Nowadays, robotic surgery is the technological cutting age in surgery. Clear benefits such as improved ergonomics, tremor filtering, three-dimensional visualization, and magnification have been well demonstrated in both adult and pediatric surgery [1
]. Even though there is no consensus of improved clinical outcomes, these advantages are, at least in theory, in favor of a more accurate, more precise surgery [2
Unfortunately, the main limit for the wide adoption of this technology in many pediatric surgery centers is the high cost of purchasing and running the robotic system [3
]. The few limited and varying reports on the cost of running a robotic surgery in pediatric surgery has failed to lead to a consensus [3
]. The two proven facts are, firstly, the technology is efficient and has certain advantages over conventional and laparoscopic surgery, and secondly, the costs are significantly higher. The ongoing and lively debate is over the cost-effectiveness of robotics in pediatric surgery and if the benefits for the patient justify the financial burden of running such a program [5
]. This cost-effectiveness is influenced by many additional factors such as the type of surgery, the number of procedures per year, whether or not the robot is shared with other specialties, the type of medical system or medical insurance system and, national income, among other factors.
This report will focus on the costs assessment of running a robotic program in a pediatric surgery center in Romania for the first 12 months since implementation.
2. Material and Methods
2.1. The Robotic Surgery Program
The daVinci Xi surgical system (Intuitive Surgical Inc., Sunnyvale, CA, United States), together with instruments for 50 procedures and 1 year maintenance cost, were purchased and installed in our hospital with financing from an international benefit foundation. Our hospital is a dedicated pediatric center and therefore the robotic system is not shared with other surgical specialties. Two surgical teams consisting each of one console and one surgical chart surgeons successfully went through the training pathway. Scrub nurses and additional personnel were trained on site.
2.2. The Cases
First, procedures were performed in February 2018 and over the following 12 months we performed a total of 40 robot-assisted procedures in children. We performed a wide spectrum of surgical procedures (Table 1
). In the process of patient selection, we considered the cases that were best served by minimal invasive surgery, involved patients with no significant comorbidities, and had low risk for complication. Surgical procedures involving more complex maneuvers, reconstruction of structures, or delicate structure dissection were considered complex, these being pyeloplasty, splenectomy, splenic cyst treatment, nephrectomy, and cholecystectomy. The rest of the procedures were considered of low risk and less challenging.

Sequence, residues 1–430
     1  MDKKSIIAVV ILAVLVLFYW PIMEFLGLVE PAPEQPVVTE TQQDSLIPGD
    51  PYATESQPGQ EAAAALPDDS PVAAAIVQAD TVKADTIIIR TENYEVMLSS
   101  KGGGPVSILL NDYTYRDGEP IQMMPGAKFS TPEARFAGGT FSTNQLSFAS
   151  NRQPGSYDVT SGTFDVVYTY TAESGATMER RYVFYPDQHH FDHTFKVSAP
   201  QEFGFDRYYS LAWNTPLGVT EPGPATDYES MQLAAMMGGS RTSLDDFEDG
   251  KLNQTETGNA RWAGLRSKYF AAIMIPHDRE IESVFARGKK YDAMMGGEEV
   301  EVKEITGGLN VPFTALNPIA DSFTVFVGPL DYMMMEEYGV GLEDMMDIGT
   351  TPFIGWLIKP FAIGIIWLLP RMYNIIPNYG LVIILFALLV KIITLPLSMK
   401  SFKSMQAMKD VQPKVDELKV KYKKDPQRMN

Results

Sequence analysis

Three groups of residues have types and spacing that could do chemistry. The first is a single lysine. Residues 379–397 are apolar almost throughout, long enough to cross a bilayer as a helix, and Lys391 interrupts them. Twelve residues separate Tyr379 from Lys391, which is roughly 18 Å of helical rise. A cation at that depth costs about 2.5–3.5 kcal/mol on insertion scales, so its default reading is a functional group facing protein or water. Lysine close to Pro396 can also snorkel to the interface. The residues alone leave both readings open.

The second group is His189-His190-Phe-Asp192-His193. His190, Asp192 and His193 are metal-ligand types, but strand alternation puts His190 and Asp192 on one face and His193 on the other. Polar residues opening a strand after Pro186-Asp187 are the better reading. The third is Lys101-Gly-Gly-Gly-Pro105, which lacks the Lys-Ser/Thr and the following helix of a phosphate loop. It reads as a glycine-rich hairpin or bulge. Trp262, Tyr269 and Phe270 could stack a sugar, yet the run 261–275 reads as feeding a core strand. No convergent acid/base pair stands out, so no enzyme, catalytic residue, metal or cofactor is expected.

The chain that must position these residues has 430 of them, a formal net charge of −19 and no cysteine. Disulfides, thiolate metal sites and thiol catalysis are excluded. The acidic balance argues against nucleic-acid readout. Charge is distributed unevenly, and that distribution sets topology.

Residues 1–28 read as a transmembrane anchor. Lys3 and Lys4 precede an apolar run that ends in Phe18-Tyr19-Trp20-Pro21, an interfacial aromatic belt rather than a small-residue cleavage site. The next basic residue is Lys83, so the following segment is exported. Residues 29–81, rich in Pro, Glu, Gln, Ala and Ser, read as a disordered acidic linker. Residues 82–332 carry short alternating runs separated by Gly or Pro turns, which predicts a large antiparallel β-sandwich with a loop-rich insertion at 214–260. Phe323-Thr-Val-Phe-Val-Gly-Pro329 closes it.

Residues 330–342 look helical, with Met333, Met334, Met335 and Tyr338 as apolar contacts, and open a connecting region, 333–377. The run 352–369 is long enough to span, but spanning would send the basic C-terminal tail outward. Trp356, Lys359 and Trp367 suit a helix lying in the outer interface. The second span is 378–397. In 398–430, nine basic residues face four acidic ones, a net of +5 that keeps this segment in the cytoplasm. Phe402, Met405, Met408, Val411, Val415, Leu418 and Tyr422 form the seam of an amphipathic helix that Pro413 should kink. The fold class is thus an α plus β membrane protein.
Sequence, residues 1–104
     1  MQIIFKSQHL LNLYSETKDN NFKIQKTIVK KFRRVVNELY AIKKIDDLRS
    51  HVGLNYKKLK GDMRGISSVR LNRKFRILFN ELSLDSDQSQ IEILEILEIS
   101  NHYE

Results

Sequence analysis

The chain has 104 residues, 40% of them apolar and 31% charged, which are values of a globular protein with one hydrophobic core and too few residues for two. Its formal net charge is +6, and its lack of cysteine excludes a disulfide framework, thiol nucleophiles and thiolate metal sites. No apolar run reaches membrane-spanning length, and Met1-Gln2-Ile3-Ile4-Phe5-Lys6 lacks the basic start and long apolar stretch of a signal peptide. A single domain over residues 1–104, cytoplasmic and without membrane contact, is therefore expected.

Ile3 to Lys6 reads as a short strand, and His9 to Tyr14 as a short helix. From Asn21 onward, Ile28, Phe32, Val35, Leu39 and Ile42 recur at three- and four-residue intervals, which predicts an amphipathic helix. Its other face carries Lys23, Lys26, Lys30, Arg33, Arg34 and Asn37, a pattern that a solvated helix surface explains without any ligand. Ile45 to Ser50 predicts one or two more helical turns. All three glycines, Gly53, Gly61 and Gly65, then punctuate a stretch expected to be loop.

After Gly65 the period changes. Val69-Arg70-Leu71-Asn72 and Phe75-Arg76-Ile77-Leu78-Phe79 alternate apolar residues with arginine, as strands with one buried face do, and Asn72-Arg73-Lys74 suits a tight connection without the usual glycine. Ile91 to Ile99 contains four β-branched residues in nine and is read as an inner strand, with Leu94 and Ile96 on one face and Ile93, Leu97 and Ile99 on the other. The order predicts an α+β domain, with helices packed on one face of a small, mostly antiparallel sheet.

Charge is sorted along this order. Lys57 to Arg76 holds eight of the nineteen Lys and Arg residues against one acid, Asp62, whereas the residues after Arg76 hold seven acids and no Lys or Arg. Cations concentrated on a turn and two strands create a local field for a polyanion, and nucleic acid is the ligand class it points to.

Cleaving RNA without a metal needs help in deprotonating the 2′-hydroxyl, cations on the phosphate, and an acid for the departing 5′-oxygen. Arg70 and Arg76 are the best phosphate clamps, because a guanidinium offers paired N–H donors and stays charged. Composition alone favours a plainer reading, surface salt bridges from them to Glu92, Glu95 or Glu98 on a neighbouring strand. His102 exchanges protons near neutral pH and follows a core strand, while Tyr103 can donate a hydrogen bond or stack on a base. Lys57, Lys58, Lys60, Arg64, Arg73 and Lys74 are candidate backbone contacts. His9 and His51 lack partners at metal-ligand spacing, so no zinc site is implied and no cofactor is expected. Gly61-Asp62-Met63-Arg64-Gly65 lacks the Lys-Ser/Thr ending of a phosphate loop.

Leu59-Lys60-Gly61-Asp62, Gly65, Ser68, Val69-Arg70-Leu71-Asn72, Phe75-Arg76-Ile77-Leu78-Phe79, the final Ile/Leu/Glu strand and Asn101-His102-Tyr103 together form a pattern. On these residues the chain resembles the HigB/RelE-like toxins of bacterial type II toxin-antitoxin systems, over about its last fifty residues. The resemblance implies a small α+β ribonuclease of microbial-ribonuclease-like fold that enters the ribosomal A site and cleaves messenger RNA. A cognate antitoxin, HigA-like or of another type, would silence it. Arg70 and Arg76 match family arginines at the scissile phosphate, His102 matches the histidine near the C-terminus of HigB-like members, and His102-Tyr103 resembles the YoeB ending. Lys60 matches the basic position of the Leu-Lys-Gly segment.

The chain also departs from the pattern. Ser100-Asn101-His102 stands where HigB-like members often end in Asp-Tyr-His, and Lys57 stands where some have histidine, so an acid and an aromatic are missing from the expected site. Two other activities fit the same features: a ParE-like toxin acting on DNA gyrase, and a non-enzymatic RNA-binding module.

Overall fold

2.3. Data Collection
We performed a prospective longitudinal study and recorded data regarding age, gender, pathological condition and comorbidities, surgical procedure, time of surgery, complications, intensive care unit (ICU) stay and hospital stay (HS), cost related to medication, robot instruments and consumables, other consumables, cost for hospital stay, and other additional cost. We recorded for each case the income received by the hospital from the National Insurance Company (NIC). This income is calculated by multiplying the Case Mix Index (CMI) with the tariff for solved cases offered by the NIC.
2.4. Cost Analysis
We recorded the costs for each category of expenses: instruments for the robot, consumables for the robot (cover sheets, sealing caps, etc.), consumables for surgery and medical maneuvers (surgical gloves and gowns, cover sheets, sutures, disinfectant, syringes, dressings, etc.), cost for stationary hospital stay and ICU stay, costs for pain medication, antibiotics, and infusion solutions, among others. In accordance with the hospital financial policy, the personnel costs are included into the hospital stay cost. The training costs for the surgical teams were covered entirely by the company providing the equipment and were not subject of this analysis. The cost of acquisition of the robotic system was not included in this assessment as it was the subject of a third-party donation. The cost for maintenance for the first year of use was included in the acquisition cost and thus it is not the subject of the current assessment. We mention it in the current analysis with referral to the further operational cost (€150,000 per year) in the years to come.
2.5. Statistical Analysis
We assessed the influenced of the different parameters such as age, gender, type of procedure, comorbidities, intraoperative incidents, postoperative complications, and the need for non-scheduled reinterventions onto the costs. The unpaired t-test was used with a significance threshold set at p = 0.05 for 95% CI. We used Pearson’s product-moment correlation to calculate the if there was a correlation between the different parameters such as types of procedures, age, sex, weight, comorbidities, and the different categories of cost. This study was approved by Ethics Committee (no. 132/2019, 14.07.2019).
The following nine procedures were performed with the help of the daVinci surgical system: appendectomy, cholecystectomy, inguinal hernia, ovarian tumor removal, pyeloplasty, splenectomy, splenic cyst fenestration, varicocele repair, and nephrectomy (Table 1